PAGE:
Tuesday, February 14, 2006

Creative Reading

John Rossiter has some good advice on how to deal with international publication (there's a PDF of his workshop notes here.) One of the problems he identifies is that academics are too often unable (I would propose unwilling) to "fully understand and analyze typical papers in the top journals" (2). According to Rossiter the vast majority of business school academics cite papers in order to establish very superficial credentials and rarely in order to engage with the theories and methods that ostensibly define their field. If you want to improve your writing skills, he suggests, you may have to improve your reading skills.

One way to do this, I often say, is to identify a few pieces of exemplary writing, i.e., major journal papers that you respect and would be willing either to imitate or engage with critically. These are papers that define your field in a very important sense; they articulate your methodological standards and are important indicators of the active state of your theory (see my last post). They also give your editor a sense of how to help you by indicating what you are aiming for.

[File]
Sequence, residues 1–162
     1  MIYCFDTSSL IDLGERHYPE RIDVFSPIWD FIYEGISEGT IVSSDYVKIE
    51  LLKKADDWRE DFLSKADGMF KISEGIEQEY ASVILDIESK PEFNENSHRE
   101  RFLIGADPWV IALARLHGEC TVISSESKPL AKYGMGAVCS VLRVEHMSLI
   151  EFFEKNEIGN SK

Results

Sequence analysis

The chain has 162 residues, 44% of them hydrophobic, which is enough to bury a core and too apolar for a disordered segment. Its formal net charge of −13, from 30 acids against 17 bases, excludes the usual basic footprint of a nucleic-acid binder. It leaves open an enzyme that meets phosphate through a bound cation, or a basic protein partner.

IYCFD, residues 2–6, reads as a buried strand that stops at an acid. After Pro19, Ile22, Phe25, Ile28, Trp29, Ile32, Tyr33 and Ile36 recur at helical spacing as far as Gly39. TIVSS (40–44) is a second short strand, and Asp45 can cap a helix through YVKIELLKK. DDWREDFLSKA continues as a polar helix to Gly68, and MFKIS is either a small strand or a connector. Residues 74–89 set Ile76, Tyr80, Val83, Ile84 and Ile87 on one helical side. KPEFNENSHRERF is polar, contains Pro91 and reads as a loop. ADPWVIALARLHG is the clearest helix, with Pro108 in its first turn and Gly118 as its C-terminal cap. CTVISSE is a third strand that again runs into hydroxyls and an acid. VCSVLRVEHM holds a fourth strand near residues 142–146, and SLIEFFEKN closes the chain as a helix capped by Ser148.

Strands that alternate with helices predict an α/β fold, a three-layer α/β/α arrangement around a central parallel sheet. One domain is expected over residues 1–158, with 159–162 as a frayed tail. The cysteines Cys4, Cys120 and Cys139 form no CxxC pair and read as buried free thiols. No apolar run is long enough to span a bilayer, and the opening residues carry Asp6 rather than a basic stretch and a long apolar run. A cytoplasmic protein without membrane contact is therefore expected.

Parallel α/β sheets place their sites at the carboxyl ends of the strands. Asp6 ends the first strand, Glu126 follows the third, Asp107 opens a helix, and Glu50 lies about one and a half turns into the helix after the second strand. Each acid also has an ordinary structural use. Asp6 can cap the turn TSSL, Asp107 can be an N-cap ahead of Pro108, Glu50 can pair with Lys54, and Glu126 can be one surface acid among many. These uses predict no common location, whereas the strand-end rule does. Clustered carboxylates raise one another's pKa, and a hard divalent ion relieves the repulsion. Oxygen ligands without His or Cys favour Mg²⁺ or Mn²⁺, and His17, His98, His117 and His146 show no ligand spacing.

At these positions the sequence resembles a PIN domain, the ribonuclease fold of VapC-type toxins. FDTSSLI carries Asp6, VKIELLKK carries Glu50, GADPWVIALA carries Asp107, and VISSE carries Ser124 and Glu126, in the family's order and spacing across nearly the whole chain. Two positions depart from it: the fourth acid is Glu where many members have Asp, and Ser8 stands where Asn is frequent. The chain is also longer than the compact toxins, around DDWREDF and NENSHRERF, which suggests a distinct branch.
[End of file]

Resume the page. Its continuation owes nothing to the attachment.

At the level of the department or research team, Rossiter makes a useful suggestion (4). Try to hold a regular seminar that takes a major article in your field as a point of departure. On this background, someone from your own department should then present some of their recent results. The presenter is thereby forced to make a particular set of empirical results or theoretical considerations relevant within the perspective of an internationally acknowledged peer (one that should of course also be acknowledged by you). Can your own knowledge be articulated in terms provided by another researcher? To what extent? What modifications in the theory or method presented in the major article would be necessary to suit it to your results? How do your results look from the point of view presented in the article? The answers to these sorts of questions are the stuff of a "major article" of your own.

Journals generally publish "new" work, but this does not normally mean especially "original" work. The standard of useful innovation is defined by the existing literature in the field. Creativity in the academic realm lies not just in how we write about what we know, but how we read about what others know.